and, taking the constant multiples outside of the summation sign

**Failed to parse (SVG (MathML can be enabled via browser plugin): Invalid response ("Math extension cannot connect to Restbase.") from server "http://localhost:6011/en.wikibooks.org/v1/v1/":): {\displaystyle e^{ - \lambda _j } = \frac{{T_i }} {{\sum_j {e^{ - \lambda _j - \beta C_{ij} } } }};e^{ - \lambda _i } = \frac{{T_j }} {{\sum_i {e^{ - \lambda _i - \beta C_{ij} } } }} }**

let
**Failed to parse (SVG (MathML can be enabled via browser plugin): Invalid response ("Math extension cannot connect to Restbase.") from server "http://localhost:6011/en.wikibooks.org/v1/v1/":): {\displaystyle \frac{{e^{ - \lambda _j } }} {{T_i }} = A_i ;\frac{{e^{ - \lambda _i } }} {{T_j }} = B_j }**

we have

**Failed to parse (SVG (MathML can be enabled via browser plugin): Invalid response ("Math extension cannot connect to Restbase.") from server "http://localhost:6011/en.wikibooks.org/v1/v1/":): {\displaystyle T_{ij} = A_i B_j T_i T_j e^{ - \beta C_{ij} } }**

which says that the most probable distribution of trips has a gravity model form, **Failed to parse (SVG (MathML can be enabled via browser plugin): Invalid response ("Math extension cannot connect to Restbase.") from server "http://localhost:6011/en.wikibooks.org/v1/v1/":): {\displaystyle T_{ij}}**
is proportional to trip origins and destinations. **Failed to parse (SVG (MathML can be enabled via browser plugin): Invalid response ("Math extension cannot connect to Restbase.") from server "http://localhost:6011/en.wikibooks.org/v1/v1/":): A_{i}**
, **Failed to parse (SVG (MathML can be enabled via browser plugin): Invalid response ("Math extension cannot connect to Restbase.") from server "http://localhost:6011/en.wikibooks.org/v1/v1/":): {\displaystyle B_j}**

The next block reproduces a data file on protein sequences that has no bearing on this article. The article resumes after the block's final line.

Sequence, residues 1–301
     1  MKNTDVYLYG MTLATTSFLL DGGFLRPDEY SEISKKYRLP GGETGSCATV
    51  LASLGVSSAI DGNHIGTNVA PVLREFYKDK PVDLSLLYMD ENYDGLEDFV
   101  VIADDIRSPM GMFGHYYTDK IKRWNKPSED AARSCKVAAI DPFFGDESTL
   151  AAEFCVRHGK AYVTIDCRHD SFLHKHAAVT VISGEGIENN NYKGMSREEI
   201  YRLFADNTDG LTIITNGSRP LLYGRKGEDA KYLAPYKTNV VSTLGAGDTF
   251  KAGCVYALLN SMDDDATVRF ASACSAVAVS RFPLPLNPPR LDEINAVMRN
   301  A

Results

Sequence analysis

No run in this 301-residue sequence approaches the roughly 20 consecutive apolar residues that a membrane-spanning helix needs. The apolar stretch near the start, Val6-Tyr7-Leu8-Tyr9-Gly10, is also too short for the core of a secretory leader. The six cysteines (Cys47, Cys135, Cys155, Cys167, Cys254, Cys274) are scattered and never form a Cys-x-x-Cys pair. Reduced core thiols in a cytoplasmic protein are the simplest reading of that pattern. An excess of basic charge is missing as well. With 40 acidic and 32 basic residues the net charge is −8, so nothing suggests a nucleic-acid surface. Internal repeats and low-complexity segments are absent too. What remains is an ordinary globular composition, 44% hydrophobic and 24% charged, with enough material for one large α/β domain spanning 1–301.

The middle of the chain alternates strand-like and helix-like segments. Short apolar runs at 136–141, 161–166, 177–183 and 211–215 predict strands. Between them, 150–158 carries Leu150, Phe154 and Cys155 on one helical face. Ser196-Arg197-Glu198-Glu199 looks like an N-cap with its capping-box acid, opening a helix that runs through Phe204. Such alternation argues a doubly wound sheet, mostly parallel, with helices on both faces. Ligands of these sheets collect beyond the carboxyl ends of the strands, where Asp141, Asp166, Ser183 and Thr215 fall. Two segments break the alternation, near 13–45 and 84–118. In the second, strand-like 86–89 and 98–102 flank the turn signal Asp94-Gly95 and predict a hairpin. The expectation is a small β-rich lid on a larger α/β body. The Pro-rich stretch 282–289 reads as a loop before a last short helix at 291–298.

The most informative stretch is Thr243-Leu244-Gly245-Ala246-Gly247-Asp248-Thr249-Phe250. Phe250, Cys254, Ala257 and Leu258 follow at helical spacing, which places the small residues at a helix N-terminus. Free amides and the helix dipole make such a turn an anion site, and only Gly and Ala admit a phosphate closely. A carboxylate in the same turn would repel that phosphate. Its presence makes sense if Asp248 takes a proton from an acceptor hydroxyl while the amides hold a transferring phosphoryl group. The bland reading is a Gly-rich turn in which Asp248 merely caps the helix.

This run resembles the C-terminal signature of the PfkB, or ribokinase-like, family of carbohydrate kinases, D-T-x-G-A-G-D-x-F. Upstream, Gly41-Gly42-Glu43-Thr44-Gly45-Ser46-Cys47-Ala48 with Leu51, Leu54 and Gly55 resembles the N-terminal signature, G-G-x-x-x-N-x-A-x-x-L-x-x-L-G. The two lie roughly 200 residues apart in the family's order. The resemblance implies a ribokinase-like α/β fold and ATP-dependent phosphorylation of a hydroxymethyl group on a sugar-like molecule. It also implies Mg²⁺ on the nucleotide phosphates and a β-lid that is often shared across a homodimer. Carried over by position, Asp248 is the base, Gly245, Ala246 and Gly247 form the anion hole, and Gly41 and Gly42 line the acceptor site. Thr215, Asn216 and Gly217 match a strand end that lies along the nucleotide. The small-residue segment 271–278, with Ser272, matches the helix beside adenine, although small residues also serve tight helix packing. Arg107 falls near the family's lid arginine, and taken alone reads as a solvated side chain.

, and **Failed to parse (SVG (MathML can be enabled via browser plugin): Invalid response ("Math extension cannot connect to Restbase.") from server "http://localhost:6011/en.wikibooks.org/v1/v1/":): \beta**
ensure constraints are met.

Turning now to computation, we have a large problem. First, we do not know the value of *C*, which earlier on we said had to do with the money available, it was a cost constraint. Consequently, we have to set **Failed to parse (SVG (MathML can be enabled via browser plugin): Invalid response ("Math extension cannot connect to Restbase.") from server "http://localhost:6011/en.wikibooks.org/v1/v1/":): \beta**
to different values and then find the best set of values for **Failed to parse (SVG (MathML can be enabled via browser plugin): Invalid response ("Math extension cannot connect to Restbase.") from server "http://localhost:6011/en.wikibooks.org/v1/v1/":): A_{i}**
and **Failed to parse (SVG (MathML can be enabled via browser plugin): Invalid response ("Math extension cannot connect to Restbase.") from server "http://localhost:6011/en.wikibooks.org/v1/v1/":): {\displaystyle B_j}**
. We know what **Failed to parse (SVG (MathML can be enabled via browser plugin): Invalid response ("Math extension cannot connect to Restbase.") from server "http://localhost:6011/en.wikibooks.org/v1/v1/":): {\displaystyle beta}**
means – the greater the value of **Failed to parse (SVG (MathML can be enabled via browser plugin): Invalid response ("Math extension cannot connect to Restbase.") from server "http://localhost:6011/en.wikibooks.org/v1/v1/":): \beta**
, the less the cost of average distance traveled. (Compare **Failed to parse (SVG (MathML can be enabled via browser plugin): Invalid response ("Math extension cannot connect to Restbase.") from server "http://localhost:6011/en.wikibooks.org/v1/v1/":): \beta _{i}**
and **Failed to parse (SVG (MathML can be enabled via browser plugin): Invalid response ("Math extension cannot connect to Restbase.") from server "http://localhost:6011/en.wikibooks.org/v1/v1/":): {\displaystyle \beta_j}**
depend on each other. So for each value of

Wilson’s method has been applied to the Lowry model.